When he was only a wee genius of only 17, Paul Thomas Anderson was thinking about pretty much the same thing as every other 17 year-old guy in the world: porno. But while the rest of us were trying to figure out how to score some, PTA was trying to figure out how to make some.
That didn’t come out right; I should clarify.
It was ’88 when Anderson conceived of his first real film project: a mockumentary in the style of THIS IS SPINAL TAP about an up-and-coming (pun intended) male porn star whose success is inevitably undone by his excesses. Using John Holmes as a model and the documentary about him, EXHAUSTED, as the template, Anderson created the character of Dirk Diggler and set about shooting his story, entitled, aptly, THE DIRK DIGGLER STORY.
Using a camcorder and a Steadicam borrowed from his father Ernie – a TV and radio actor most famous for playing horror host “Ghoulardi” on Cleveland television in the 60’s – PTA cast his high school buddy Michael Stein as the titular titilator, and Stein in turn introduced Anderson to his friend Eddie Dalcour, a real honest-to-goodness bodybuilder who Anderson immediately cast as Diggler’s competitor-turned-confidant Reed Rothchild. Veteran TV actor and friend of the family Robert Ridgley played impresario Jack Horner, actress Rusty Williams played actress Candy Kane, and the cast was round out by Ernie Anderson, who narrated the film.
If I had told my father I was making a movie about people who make porn when I was 17 years old, the last thing he would have done was narrated the film. Cool people raise cooler people, remember that, folks.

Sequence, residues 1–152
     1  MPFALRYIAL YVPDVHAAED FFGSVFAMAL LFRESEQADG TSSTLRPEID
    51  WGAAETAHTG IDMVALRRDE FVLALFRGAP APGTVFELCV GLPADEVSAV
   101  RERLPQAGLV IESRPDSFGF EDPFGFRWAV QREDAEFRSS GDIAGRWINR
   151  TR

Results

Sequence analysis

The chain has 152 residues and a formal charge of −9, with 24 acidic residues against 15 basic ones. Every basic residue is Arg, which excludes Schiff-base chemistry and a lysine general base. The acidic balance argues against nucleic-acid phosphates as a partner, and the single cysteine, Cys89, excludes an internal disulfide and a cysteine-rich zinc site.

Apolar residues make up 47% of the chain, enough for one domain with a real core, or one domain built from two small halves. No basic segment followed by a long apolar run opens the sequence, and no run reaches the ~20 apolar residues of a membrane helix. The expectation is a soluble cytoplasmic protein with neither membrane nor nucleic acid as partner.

Demonstrating what would come to be known as his trademark thorough professionalism, Anderson worked from a shot list and demanded that his actors treat the absurd story seriously, as that was how the characters would react to their lives. Though mostly shot at his or friends’ houses, there were some scenes in a hotel, for which Anderson raised the money to book by cleaning out cages in a local pet store. And, being back in the pre-digital era, PTA had to edit the film using two VCRs. To our millennial readers, yep, that’s how an amateur filmmaker used to have to edit a film, playing the master in one machine and editing by recording on the other machine. It’s like working with a typewriter: sure, there’s an erase button, but traces of every single mistake remain in the finished product. Cherish Final Cut, kids.
The half-hour short played at the University of Southern California Film Festival to an amused response, and the bug that had bitten Paul Thomas Anderson infected him with a love of film that has translated into hours upon hours of thought-provoking enjoyment for millions upon millions of filmgoers over the last two decades. Anderson would, of course, adapt THE DIRK DIGGLER STORY into his second feature and breakout film, BOOGIE NIGHTS, replacing Stein with Mark Wahlberg, Dalcour with John C. Reilly, evolving Williams’ character into Amber Waves as portrayed by Julianne Moore, and relocating Ridgley from the character of Jack Horner – taken over by Burt Reynolds – into that of The Colonel James. Stein was given a cameo in BOOGIE NIGHTS as a stereo store customer, Williams has gone on to have a very prolific and steady career with roles in such films as THE INFORMANT, THE PERFECT STORM, and TWISTER, though she hasn’t worked with Anderson since, and Dalcour the
bodybuilder never acted again.
The biggest difference between THE DIRK DIGGLER STORY and BOOGIE NIGHTS is how they are told, the former as a mockumentary and the latter as a more conventional narrative. There are also some variations on Dirk’s homosexual encounters, and the endings are drastically opposed, but there’s far more that the films have in common, from characterization and theme down to some dialogue. But the best reason for watching THE DIRK DIGGLER STORY, all entertainment aside, is that it is fascinating to see where this epic story – which some compare to GOODFELLAS – began and how the bud of an idea by a teenager turned into the calling card of a major new cinematic talent.
There are filmmakers, and then there are born filmmakers; I don’t have to tell you which one Paul Thomas Anderson is. That’s what his work is for. And this is where it started.